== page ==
Richard C. Lyons takes on an ambitious project in his history book, The DNA of Democracy. It begins with Egyptian Pharaohs and ends in the early 20th century. And at just over 375 pages, it’s impossible for the author to provide extensive detail on any one time period covered.

Lyons compares and contrasts times of tyranny with times of democracy, throughout the ages. He discusses not just Egypt and Israel, but Greece and Rome. Then he moves forward in time to Medieval Western Europe and the British Isles, primarily England. This serves as a jumping off point for the colonization of America and the Revolutionary War.

He also covers some aspects of Native American life and their democratic power structures. (Although his use of the antiquated term Amerindian is a head scratcher.) Next up he addresses the colonists and new Americans’ tyrannical decisions against the indigenous peoples. Then Lyons moves forward to a discussion of slavery and the Civil War. At the end of his book, he briefly discusses women’s suffrage and the fight for the right to vote.

Lyons covers a tremendous amount of historical ground, focusing more on retelling of facts and events, without adding the deeper back stories of the people involved. Truthfully, if he had added more detail, the book would have come unmanageable. Still, a different editorial strategy might also have given it more heart.

Quotes I appreciated

“The power of liberty does not reside in real estate and capitals, it resides in each citizen’s soul.” p. 233

“All things are possible when individuals, families, faith organizations, association, enterprises and town rule themselves. Nothing is possible when a societal prison is imposed by the tyrannical rule of one, through a few who enslave the multitudes—other than the gross feeding of the one and the few.” p. 234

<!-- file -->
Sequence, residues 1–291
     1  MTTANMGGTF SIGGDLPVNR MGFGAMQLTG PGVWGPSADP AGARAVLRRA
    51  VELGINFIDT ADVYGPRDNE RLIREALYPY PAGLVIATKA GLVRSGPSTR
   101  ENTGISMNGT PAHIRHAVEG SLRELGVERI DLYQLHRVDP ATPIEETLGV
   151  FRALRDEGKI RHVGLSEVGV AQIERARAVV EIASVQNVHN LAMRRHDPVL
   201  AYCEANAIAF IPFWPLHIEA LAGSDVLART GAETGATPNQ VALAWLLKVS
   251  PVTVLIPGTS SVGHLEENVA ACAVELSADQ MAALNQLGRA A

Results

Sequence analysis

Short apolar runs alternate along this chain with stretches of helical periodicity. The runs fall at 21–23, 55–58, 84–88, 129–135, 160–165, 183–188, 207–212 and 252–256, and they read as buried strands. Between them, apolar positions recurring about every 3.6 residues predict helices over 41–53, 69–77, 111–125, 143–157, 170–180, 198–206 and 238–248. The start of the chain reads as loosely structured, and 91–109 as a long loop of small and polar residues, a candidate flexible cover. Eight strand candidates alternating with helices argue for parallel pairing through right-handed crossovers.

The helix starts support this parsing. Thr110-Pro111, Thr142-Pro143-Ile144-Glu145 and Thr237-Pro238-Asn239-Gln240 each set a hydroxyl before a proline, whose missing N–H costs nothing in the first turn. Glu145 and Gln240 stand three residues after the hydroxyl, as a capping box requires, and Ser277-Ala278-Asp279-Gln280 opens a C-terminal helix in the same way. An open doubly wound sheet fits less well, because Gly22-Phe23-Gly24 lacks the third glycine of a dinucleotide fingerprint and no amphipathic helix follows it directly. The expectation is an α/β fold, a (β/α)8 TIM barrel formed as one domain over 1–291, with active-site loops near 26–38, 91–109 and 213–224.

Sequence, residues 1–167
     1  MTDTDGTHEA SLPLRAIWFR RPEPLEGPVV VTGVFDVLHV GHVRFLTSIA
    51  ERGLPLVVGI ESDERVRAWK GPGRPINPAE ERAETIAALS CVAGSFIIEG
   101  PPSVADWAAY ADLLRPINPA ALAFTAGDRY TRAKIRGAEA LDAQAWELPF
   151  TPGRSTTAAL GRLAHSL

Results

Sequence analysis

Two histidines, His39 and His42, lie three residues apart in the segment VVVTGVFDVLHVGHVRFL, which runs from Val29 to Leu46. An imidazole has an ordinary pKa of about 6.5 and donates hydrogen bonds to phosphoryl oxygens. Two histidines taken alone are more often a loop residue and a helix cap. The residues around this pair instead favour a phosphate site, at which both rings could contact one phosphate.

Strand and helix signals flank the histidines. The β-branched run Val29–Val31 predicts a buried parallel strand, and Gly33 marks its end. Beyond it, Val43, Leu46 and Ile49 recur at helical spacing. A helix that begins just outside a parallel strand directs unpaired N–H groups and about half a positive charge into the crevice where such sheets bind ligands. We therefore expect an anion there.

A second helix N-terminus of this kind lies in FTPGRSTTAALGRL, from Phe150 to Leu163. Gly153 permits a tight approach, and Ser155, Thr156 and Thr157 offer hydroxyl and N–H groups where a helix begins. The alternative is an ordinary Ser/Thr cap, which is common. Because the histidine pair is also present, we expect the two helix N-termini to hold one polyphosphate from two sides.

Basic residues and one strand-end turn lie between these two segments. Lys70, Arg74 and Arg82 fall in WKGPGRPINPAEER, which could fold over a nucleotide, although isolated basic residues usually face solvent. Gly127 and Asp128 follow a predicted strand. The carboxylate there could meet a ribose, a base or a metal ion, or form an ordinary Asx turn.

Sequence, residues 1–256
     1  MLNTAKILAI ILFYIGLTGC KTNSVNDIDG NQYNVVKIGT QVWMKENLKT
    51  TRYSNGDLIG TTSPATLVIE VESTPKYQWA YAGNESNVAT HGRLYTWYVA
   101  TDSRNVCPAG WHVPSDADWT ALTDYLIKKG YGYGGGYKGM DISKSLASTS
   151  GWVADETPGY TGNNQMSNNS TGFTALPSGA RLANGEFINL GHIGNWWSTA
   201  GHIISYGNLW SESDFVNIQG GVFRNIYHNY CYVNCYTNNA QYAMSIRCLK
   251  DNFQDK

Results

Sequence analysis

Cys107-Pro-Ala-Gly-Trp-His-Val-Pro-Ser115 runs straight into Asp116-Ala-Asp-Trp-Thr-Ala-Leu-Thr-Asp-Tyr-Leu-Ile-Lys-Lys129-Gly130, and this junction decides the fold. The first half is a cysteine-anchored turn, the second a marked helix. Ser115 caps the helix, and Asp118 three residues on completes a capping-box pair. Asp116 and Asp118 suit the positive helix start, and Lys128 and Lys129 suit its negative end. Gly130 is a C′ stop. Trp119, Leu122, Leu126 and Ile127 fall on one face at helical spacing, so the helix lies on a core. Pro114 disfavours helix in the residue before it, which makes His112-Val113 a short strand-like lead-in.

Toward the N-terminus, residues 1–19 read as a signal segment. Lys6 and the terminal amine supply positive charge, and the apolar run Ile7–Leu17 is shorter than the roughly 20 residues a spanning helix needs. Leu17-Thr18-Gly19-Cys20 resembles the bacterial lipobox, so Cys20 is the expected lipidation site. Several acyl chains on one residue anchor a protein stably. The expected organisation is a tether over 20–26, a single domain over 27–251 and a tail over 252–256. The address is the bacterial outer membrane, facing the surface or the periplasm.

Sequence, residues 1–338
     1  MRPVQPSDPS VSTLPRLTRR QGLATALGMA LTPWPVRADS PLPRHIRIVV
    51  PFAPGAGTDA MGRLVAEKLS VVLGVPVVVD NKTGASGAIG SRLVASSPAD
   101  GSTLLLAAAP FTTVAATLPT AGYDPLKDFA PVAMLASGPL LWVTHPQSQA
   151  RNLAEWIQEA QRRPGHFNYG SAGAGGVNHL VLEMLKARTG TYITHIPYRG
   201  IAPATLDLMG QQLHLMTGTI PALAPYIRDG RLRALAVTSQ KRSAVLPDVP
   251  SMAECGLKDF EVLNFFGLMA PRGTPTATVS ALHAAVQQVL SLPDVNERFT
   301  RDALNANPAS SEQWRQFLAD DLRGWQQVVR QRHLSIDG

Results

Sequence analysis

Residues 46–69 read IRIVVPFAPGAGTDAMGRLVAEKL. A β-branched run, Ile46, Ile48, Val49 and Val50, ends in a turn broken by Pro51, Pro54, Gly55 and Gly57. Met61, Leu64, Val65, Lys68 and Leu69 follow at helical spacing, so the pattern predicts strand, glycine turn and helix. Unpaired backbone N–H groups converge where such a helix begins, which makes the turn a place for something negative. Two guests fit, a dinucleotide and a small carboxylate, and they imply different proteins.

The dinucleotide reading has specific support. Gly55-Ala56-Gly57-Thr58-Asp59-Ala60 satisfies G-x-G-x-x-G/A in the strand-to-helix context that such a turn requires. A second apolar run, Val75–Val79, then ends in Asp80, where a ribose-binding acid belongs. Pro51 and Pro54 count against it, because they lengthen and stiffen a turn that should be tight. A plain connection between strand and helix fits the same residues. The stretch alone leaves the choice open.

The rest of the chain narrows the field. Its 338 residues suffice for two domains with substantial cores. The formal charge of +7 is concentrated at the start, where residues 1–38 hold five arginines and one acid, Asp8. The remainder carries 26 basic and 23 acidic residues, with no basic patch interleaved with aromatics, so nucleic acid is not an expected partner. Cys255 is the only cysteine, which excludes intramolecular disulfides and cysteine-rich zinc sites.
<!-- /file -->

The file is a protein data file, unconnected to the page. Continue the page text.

“The Native American ethos of local and individual independence, which is foundational to the American ideal and fundamental to the DNA of our democracy, was being lost by those who made it a gift to our Constitution.” p. 269-270

“A compromise with tyranny was how the Civil War began. Lincoln did not compromise the end of the Civil War—he would fight it out with tyranny to the last, even if it was within his own body politic. He would not compromise on the promise of equality: the most fundamental gene in the DNA of democracy.” p. 350

My conclusions

This wasn’t the book for me, but another type of history reader might love it. I wanted more detail on some things, especially the human aspects, and less on others. Plus, I just don’t enjoy blow by blow accounts of multiple battles in multiple wars. I never will. I’m not that kind of history buff.

I appreciated Lyons’ connections between a wide variety of historical threads. He wove them into a structure that brought democracy to life. Unfortunately, his writing style and tone didn’t thrill me. I prefer a more journalistic, story-focused approach. Instead, this felt like a very long and wide-ranging lecture.

Lyons offers his interpretations and opinions as well. Whether I agree with them or not, sadly they didn’t elucidate his case for me.

One the whole, this seemed more like a vanity project than a readable historical analysis. But that’s just me. It may be a strong entry in the history of democracy for you.


Many thanks to Lylea Publishers, JKS Literary Publicity, and most of all, the author. I received a copy of this book in exchange for this honest review.